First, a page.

After nearly four hours of discussion Wednesday, the board responsible for regulating digital health information exchange in Kansas postponed its vote on a proposal to dissolve and turn its regulatory authority over to a state agency.
Instead, members of the Kansas Health Information Exchange board decided to form a committee to develop a list of the dissolution proposal's pros and cons and return with a recommendation for the board to consider at its Sept. 12 meeting.
In Kansas, privately owned networks handle the transfer of patients' digital health records over a health information exchange — which went live last week. The KHIE board was set up in 2010 as a public-private regulatory body to be independent of political influence.
The proposal to fold KHIE's functions into the Kansas Department of Health and Environment would eliminate more than half of KHIE's $400,000 projected annual costs and transfer the rest to taxpayers. Under the proposal, the 17-member KHIE board currently appointed by the governor would become an advisory committee appointed by the KDHE secretary.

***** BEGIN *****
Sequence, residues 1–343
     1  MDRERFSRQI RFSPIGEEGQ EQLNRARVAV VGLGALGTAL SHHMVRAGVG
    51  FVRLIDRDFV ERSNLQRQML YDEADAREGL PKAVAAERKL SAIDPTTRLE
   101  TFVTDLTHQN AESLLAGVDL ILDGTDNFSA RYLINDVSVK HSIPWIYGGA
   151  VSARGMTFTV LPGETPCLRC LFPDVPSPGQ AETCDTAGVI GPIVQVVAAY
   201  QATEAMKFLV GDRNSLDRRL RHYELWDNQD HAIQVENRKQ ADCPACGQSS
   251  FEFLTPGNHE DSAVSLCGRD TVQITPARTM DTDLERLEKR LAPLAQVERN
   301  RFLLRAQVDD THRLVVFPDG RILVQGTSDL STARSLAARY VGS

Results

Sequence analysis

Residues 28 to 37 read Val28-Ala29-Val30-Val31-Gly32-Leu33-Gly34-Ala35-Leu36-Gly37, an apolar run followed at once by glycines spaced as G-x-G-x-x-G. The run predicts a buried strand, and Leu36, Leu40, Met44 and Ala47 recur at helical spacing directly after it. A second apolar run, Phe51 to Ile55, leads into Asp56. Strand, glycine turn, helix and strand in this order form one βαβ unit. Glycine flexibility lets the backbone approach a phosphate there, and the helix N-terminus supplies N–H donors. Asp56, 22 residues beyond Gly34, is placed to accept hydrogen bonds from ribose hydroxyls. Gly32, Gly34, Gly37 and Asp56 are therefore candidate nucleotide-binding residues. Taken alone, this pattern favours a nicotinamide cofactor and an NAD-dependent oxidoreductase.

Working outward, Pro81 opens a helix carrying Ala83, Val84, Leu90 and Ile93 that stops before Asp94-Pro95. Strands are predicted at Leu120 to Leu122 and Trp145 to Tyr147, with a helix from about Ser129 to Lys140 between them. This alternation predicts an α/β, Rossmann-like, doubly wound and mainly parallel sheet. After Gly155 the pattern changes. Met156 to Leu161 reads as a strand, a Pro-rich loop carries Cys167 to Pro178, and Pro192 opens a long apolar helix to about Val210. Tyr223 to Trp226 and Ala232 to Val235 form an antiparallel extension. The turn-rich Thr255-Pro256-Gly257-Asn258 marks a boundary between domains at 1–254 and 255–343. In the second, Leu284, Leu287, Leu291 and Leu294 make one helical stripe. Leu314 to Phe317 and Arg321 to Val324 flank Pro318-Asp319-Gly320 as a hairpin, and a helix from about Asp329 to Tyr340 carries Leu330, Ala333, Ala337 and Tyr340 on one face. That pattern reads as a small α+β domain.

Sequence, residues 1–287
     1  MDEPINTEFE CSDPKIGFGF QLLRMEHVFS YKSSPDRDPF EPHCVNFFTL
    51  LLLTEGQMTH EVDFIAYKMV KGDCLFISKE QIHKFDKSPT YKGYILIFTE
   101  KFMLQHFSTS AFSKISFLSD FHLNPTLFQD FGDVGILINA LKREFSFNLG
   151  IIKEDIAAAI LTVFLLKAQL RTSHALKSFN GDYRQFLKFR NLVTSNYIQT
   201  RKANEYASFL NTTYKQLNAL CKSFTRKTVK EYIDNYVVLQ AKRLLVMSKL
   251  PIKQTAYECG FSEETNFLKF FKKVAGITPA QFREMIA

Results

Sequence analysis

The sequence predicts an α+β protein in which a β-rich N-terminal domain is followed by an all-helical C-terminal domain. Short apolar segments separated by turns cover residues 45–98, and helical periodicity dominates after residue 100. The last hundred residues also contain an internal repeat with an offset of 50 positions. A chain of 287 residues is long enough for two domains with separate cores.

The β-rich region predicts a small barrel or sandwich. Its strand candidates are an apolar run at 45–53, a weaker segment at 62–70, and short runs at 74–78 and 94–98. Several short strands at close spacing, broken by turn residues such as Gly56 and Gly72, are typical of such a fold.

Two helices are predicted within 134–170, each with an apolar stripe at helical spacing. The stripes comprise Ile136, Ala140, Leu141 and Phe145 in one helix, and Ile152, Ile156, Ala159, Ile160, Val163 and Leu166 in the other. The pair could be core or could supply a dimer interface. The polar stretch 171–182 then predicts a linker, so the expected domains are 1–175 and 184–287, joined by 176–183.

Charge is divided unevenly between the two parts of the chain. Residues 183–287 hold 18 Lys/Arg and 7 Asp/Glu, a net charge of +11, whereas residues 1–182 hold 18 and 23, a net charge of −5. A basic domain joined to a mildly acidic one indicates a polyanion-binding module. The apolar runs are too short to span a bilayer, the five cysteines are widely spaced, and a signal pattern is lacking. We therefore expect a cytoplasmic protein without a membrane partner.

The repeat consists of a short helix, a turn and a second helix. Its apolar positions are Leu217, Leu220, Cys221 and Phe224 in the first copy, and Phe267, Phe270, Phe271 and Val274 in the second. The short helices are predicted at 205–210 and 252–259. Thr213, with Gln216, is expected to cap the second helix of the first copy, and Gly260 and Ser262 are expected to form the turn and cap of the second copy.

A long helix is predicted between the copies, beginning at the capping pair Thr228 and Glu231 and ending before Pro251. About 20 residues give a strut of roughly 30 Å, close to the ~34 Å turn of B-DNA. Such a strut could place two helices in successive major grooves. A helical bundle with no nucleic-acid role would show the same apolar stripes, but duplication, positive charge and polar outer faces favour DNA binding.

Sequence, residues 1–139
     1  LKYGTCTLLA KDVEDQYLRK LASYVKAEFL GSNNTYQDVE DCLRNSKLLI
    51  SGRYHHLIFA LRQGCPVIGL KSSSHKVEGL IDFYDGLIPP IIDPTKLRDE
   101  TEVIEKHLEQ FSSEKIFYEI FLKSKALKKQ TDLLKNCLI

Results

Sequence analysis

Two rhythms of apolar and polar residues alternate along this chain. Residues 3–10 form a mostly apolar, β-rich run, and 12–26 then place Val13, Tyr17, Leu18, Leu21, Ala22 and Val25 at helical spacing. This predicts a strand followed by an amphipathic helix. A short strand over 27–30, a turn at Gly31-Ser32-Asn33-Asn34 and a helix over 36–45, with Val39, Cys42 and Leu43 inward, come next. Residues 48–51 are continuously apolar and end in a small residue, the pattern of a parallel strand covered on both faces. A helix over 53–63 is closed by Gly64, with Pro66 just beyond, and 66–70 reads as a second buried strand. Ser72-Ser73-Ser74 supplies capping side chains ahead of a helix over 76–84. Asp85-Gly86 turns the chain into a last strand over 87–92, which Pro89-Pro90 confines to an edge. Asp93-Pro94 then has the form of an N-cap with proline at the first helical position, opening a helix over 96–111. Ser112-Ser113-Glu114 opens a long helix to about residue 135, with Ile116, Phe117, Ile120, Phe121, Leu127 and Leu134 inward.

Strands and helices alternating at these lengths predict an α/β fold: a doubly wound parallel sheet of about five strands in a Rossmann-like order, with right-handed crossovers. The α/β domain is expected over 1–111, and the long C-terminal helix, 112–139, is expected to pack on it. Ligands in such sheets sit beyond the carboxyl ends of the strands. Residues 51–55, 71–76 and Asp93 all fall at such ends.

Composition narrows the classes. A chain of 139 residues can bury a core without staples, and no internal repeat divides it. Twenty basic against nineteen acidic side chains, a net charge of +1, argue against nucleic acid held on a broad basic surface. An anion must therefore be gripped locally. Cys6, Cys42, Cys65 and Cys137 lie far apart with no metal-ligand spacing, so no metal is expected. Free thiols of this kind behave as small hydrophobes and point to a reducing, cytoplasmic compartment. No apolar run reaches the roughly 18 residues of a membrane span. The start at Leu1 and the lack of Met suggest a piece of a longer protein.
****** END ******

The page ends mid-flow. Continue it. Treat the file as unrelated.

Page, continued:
"I feel like we haven't fully vetted and understand the long-term implications of making this transition," said board member Karen Braman.
"I absolutely agree that we have to look at efficiencies in operations wherever we can. That's going on in every sector, every business, every household in the country right now. And I do think we have to capitalize on the synergies that can be gained in collaboration with KDHE. I think that's been one of the cornerstones of this public-private partnership that we've all been involved in for so long," Braman said.
Board member Jackie John of the Great Plains Health Alliance asked what assurance there would be that KDHE would continue to ensure the privacy and security of patient health information.
"When the state goes through their budgeting process, how do we know that there's going to be enough value, that this process is going to continue with the resources necessary to provide the quality of services we're committed to?" John said.
"At least until a change in administration, there's a commitment to do this. But I'm not going to sit here and say that we can guarantee things for all eternity — that's just not realistic," said Aaron Dunkel, deputy secretary at KDHE. "At least with this administration, which we're hoping will be a little bit longer, we've got a commitment."